Africa: Developed World Inhibits African Trade - Report

Hoedspruit, Limpopo province: Hawkers at an informal roadside market.
7 June 2010

Cape Town — Developed countries have responded to the global financial crisis by adopting protectionist measures which have damaged Africa's chances of boosting its exports, according to a major new report.

The report, African Economic Outlook 2010, was released recently at the annual meetings of the African Development Bank group and is being
launched in South Africa on Tuesday.

It says packages introduced by rich countries in 2009 to stimulate economic growth have often been geared to favour domestic interests, by supporting their capacity to export goods, or to favour buying, hiring or investing in local goods and services.

"Such measures clearly discriminate against developing countries, including those in Africa, on two levels.

"First, African governments lack the resources to curb the domestic impact of the crisis with the same type of measures.

"Second, African firms face unfavourable treatment precisely in those markets where additional spending is being promoted.

"Hence, with these new measures African products could easily face discriminatory treatment in relation to similar domestic products and
services in developed countries, despite the general agreements about preferential treatment they may enjoy."

The report adds that protectionism is on the rise "despite repeated assurances in the context of the G20 meetings in London and later in
Pittsburgh, as well as in the context of World Trade Organization talks."

It calls for a rapid conclusion to the Doha Round of international trade talks, and to negotiations on regional Economic Partnership Agreements, saying this is "crucial" to Africa's medium-term trade prospects.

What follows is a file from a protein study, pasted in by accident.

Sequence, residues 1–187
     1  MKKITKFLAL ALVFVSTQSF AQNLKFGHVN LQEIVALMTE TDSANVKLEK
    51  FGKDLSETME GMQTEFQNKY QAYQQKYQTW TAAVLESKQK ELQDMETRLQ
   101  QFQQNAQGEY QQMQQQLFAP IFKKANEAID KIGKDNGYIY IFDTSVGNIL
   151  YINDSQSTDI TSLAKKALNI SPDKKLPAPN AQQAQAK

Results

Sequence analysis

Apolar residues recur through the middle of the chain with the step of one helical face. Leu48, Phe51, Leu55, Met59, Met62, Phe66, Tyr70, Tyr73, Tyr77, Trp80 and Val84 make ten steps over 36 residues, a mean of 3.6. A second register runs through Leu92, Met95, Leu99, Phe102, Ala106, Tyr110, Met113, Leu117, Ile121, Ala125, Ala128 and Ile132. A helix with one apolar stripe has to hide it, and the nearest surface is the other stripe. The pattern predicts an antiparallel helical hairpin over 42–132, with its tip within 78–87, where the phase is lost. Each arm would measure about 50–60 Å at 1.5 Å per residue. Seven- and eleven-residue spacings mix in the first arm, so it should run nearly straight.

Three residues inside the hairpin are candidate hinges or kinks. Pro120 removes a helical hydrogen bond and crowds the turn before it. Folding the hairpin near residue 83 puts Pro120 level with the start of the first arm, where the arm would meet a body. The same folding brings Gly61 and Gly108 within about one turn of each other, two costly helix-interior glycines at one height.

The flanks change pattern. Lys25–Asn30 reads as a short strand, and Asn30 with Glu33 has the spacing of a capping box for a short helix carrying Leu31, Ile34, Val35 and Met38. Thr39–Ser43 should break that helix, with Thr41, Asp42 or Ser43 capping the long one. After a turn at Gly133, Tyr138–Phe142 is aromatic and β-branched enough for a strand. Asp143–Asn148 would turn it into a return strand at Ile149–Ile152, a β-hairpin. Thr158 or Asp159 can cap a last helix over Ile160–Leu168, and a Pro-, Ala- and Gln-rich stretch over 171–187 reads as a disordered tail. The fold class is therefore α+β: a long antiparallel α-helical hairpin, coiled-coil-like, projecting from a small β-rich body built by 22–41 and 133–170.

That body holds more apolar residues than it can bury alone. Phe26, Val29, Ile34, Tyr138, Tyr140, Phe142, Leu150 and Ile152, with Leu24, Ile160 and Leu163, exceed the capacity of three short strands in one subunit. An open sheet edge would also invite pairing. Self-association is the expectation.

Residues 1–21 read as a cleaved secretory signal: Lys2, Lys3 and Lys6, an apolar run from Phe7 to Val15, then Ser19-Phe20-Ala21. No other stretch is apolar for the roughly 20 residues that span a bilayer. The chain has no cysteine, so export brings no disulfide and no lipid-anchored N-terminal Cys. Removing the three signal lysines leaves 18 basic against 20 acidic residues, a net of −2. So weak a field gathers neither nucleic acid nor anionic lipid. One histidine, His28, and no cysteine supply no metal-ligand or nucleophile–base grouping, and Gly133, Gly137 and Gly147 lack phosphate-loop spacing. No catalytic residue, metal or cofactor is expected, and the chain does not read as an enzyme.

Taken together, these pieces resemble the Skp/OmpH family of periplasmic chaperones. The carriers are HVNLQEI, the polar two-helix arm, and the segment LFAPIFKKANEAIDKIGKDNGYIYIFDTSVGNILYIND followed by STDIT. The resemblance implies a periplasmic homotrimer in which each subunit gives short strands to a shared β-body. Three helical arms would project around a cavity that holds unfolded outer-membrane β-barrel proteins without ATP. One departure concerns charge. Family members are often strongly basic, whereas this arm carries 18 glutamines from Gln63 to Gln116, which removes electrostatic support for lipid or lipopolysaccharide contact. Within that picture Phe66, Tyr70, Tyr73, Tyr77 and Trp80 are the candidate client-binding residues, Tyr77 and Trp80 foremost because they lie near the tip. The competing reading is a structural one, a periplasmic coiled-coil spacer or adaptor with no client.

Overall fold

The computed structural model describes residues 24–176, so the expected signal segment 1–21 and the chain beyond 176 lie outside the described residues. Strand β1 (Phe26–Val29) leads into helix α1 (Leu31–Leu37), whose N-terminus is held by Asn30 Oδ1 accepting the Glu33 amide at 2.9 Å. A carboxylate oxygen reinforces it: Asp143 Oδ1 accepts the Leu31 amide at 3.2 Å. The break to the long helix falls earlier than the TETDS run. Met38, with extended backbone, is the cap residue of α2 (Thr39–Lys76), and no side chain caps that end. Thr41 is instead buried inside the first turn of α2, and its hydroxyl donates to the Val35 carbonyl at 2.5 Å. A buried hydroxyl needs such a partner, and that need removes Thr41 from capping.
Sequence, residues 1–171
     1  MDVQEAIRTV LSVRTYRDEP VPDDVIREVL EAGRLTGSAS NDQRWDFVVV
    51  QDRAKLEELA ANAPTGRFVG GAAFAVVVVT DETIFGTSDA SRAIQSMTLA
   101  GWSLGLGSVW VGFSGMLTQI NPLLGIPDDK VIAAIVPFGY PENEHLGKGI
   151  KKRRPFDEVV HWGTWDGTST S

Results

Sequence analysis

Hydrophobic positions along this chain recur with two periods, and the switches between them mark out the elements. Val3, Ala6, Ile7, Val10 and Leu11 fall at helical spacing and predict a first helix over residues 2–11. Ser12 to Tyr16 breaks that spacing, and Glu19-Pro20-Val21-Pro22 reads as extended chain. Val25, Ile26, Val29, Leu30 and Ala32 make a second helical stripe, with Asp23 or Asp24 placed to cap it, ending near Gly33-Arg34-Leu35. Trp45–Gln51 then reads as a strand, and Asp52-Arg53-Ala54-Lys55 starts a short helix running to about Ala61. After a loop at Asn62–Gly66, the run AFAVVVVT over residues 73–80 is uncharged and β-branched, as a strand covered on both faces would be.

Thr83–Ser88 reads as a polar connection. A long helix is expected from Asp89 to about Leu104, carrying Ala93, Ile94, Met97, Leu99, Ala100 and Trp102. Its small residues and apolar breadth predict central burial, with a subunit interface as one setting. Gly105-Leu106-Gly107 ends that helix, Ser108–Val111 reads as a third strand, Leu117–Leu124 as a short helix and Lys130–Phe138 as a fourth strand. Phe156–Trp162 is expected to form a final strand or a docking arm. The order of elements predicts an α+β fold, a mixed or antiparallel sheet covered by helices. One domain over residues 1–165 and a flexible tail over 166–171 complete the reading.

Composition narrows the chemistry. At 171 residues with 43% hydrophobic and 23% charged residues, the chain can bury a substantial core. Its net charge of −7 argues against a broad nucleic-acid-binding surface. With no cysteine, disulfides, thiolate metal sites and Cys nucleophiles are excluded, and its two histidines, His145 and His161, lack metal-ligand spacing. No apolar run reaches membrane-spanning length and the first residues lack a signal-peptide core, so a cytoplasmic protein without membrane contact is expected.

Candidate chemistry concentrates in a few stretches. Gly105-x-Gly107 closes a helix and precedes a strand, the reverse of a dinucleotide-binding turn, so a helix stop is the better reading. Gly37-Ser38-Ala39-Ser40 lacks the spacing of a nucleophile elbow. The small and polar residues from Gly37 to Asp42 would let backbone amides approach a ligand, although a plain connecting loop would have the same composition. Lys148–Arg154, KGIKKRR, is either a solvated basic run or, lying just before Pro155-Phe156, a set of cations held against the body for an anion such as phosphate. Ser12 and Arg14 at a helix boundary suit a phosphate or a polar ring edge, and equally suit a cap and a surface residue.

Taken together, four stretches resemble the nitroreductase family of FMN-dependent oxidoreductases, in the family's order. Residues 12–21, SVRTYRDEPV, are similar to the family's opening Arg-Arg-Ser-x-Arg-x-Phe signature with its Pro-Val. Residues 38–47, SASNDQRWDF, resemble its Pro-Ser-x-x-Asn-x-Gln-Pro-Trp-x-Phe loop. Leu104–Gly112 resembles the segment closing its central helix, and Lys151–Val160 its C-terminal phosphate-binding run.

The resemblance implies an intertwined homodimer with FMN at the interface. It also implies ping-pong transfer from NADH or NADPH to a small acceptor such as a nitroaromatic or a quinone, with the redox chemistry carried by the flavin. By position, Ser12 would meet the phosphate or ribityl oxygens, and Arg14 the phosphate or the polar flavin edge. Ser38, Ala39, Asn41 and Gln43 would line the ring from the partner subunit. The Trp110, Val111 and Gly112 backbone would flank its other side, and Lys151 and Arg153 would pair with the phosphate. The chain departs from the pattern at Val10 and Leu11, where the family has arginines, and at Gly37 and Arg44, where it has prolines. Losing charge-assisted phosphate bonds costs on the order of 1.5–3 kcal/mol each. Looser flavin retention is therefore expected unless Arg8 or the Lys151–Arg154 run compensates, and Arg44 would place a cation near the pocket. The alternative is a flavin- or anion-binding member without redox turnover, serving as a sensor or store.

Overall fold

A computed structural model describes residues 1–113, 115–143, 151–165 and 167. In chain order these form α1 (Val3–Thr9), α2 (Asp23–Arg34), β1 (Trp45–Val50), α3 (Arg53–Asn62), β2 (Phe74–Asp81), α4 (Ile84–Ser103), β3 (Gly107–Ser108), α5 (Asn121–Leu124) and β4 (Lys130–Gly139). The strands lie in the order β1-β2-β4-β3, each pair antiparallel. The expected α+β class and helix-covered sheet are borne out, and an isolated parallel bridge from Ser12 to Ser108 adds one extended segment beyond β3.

It also notes that African countries benefitted from the exponential growth in world trade which preceded the global crisis but that their
exports still amount to only three percent of the world total.

While protectionism by developed countries accounts partly for this, there were also constraints within Africa which inhibited trade, the report says.

"Most African economies depend on very few primary agricultural and mining commodities for their exports and mainly import manufactured
goods from advanced countries. As the traditional markets in advanced countries are expected to grow less than markets in emerging Asian and
Middle East countries as well as markets within Africa, enhancing trade relations with these more dynamic markets is key."

The report also identifies poor transport infrastructure, political instability and lack of security, and intra-African trade barriers as imposing constraints on trade.

It says trade between African countries is still low, representing on average about 10 percent of their total exports.

"Only 29.7 percent of the African road network is paved," according to the report. "The continent's railway network is also very poor ...
Shipping a car from Japan to Abidjan costs U.S.$1,500, while shipping that same vehicle from Addis Ababa to Abidjan would cost $5,000."

African Economic Outlook 2010 is published jointly by the African Development Bank, the Development Centre of the Organisation for
Economic Co-operation anda Development and the United Nations Economic Commission for Africa.

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